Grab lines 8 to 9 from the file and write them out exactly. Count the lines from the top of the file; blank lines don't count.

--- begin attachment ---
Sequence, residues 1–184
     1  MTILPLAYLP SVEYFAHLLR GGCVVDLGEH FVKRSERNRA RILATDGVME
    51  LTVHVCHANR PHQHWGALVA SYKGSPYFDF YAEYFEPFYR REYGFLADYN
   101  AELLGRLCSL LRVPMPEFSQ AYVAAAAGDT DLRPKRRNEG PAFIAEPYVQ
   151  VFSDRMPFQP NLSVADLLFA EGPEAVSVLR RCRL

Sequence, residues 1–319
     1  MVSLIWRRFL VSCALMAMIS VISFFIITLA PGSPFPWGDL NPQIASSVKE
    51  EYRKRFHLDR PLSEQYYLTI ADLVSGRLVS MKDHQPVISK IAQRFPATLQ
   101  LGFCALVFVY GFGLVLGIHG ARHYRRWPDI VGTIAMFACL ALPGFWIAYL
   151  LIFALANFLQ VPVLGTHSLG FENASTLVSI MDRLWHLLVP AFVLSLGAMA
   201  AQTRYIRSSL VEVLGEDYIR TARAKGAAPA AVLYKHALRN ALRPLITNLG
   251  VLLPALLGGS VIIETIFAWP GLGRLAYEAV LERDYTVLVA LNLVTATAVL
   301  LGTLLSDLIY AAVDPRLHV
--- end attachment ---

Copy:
    51  EYRKRFHLDR PLSEQYYLTI ADLVSGRLVS MKDHQPVISK IAQRFPATLQ
   101  LGFCALVFVY GFGLVLGIHG ARHYRRWPDI VGTIAMFACL ALPGFWIAYL